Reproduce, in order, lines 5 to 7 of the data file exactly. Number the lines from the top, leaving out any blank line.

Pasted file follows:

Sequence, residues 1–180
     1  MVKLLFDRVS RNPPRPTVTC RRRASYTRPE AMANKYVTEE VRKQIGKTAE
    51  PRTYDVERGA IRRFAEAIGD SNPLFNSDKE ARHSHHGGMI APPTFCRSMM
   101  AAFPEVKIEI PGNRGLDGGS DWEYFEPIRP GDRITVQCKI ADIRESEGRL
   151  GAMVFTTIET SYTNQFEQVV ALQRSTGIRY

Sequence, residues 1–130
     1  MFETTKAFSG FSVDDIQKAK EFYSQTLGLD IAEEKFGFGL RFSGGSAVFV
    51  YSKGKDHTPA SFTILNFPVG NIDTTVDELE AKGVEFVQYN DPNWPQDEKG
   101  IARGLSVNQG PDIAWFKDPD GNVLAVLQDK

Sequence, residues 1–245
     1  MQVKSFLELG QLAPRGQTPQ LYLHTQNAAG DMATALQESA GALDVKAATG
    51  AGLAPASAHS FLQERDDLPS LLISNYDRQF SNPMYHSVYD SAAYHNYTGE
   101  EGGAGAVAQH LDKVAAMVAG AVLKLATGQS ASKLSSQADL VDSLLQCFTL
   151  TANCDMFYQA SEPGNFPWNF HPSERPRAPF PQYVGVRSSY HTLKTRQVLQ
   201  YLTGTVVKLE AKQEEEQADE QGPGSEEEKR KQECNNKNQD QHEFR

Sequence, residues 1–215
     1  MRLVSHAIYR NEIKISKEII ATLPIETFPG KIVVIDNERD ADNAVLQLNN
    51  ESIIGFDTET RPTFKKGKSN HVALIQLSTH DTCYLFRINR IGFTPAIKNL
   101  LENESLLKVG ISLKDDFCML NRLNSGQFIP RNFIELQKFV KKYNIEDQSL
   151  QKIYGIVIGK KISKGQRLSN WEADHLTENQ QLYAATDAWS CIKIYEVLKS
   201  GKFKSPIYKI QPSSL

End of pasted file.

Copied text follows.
   151  GAMVFTTIET SYTNQFEQVV ALQRSTGIRY

Sequence, residues 1–130
     1  MFETTKAFSG FSVDDIQKAK EFYSQTLGLD IAEEKFGFGL RFSGGSAVFV